Pushing Boundaries and Touching Passion Points

What Makes Us Laugh?

By Published on .

New Mexico: Cleaner Than Regular Mexico
New Mexico: Cleaner Than Regular Mexico
Forget for one second all you know (or think you know) about Mexicans and our culture. Here's a puzzling thought: how come Mexicans -- on both sides of the border -- seem to be more comfortable wearing this T-shirt (at left) than non-Mexicans? Why did this controversial piece of clothing created by Urban Outfitters and reading "New Mexico, Cleaner than Regular Mexico" became so popular among those who were supposed to be offended by it? Are we just not getting the PC message? Are we simply too cynical to even begin to worry about what PC is all about? Do we even know what PC stands for?

The answers to these questions can be found in the work of Edoardo Chavarín, the Tijuana-born founder of NaCo, the company he founded with partner Robby Vient, to celebrate -- in their own personal, irreverent way -- the coolness of being, well, uncool, or in other words, the coolness of being naco (tacky). The above T-shirt is not a creation of NaCo, but it could very well have been: NaCo's T-shirts created quite a stir earlier this year when Macy's pulled a NaCo T-shirt from its shelves reading "Brown is the new white."

Laura Martinez Laura Martinez
Chavarín delivered a well-articulated, culturally charged, keynote speech at last week's 23rd semi-annual AHAA conference in New York, establishing an emotional connection not only through his amazing creative skills but also as a mold-breaker. He is someone who is determined to push boundaries and walls until they fall -- or as Edoardo likes to say himself -- until they begin to crumble. I know for sure some of the attendees missed out on some of NaCo's most brilliant creations (Pecsi, Ser naco es chido, Oceanica Resort & Spa, Mi Amado Carrillo, etc.) But overall the audience seemed to get the message: Chavarín's (and NaCo's) promise was ultimately not very different from what AHAA set out to do at this year's conference: to embrace fearlessness by asking over 500 attendees one single, provocative question: "Is Hispanic Advertising Dead?"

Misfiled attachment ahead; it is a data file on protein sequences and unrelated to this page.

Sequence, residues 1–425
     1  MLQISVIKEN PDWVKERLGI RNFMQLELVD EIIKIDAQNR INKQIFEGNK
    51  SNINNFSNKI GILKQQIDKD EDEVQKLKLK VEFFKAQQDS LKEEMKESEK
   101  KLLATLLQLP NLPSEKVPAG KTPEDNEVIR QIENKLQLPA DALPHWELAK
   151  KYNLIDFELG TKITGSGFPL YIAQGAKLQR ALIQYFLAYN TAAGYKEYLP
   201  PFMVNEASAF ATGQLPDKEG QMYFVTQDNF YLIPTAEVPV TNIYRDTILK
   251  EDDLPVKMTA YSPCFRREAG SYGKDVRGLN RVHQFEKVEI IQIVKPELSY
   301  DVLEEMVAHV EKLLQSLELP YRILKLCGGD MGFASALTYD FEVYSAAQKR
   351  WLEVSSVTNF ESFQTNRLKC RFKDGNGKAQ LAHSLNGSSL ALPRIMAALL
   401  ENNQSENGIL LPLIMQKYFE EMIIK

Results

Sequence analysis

Of course Hispanic advertising is not dead. In fact, as my fellow Big Tent blogger Carol Watson pointed out this week: this year's gathering set out to ignite debate, encouraging agencies and clients to "continue to search for answers that are not easily uncovered." Personally, I thought Chavarín's speech was the perfect example of this fresh breath of air and helped raise one important point: Can media, marketers and agencies accommodate him and his ideas? Is there a space in the Hispanic market for NaCo, and/or other irreverent boundary-pushers like them to showcase their ideas to a broader, massive audience, one that is not tainted by political correctness?

I guess that, just as happened at the AHAA conference, there are still many more questions than answers, but what matters is that a lot of people are asking the right questions. In the end, multicultural or not, media must work hard to identify and connect with consumers' passion points (regardless of language). Chavarín's genius goes well beyond the mere design of T-shirts and CD covers. He connects with a growing audience of bicultural, bilingual, acculturated (and even the not-so-acculturated-crowd) using the language of pop culture, or perhaps simply what makes us laugh.

If media properties, brand marketers and ad agencies were really paying attention (and I'm sure they were), we will see more ideas like those coming from Mr. Chavarín and his NaCo brand pushing boundaries and touching passion points.

Am I wrong or is that not what marketing is all about?

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Read more from Laura daily at Mi Blog Es Tu Blog.
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